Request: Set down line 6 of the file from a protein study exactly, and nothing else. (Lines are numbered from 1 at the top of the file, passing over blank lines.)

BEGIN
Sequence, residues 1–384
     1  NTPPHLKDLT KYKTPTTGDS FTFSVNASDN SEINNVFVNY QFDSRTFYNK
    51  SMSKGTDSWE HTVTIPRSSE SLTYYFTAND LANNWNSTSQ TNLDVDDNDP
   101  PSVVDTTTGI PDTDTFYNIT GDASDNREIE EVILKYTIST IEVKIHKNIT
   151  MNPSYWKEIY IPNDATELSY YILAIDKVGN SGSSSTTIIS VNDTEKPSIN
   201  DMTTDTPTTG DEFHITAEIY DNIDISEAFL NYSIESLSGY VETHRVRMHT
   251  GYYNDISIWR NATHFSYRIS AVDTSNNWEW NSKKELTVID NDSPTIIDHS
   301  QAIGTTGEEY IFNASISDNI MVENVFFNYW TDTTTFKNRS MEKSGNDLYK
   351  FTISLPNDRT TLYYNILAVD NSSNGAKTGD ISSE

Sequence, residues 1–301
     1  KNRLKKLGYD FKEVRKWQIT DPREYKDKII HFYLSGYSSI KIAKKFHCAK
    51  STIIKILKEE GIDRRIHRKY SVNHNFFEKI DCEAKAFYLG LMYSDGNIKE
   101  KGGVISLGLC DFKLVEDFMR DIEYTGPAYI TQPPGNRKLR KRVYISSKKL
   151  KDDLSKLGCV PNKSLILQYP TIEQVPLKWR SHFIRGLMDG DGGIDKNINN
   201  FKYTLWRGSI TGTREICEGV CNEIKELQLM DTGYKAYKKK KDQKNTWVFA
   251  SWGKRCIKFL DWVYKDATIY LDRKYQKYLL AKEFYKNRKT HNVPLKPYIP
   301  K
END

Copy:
   201  DMTTDTPTTG DEFHITAEIY DNIDISEAFL NYSIESLSGY VETHRVRMHT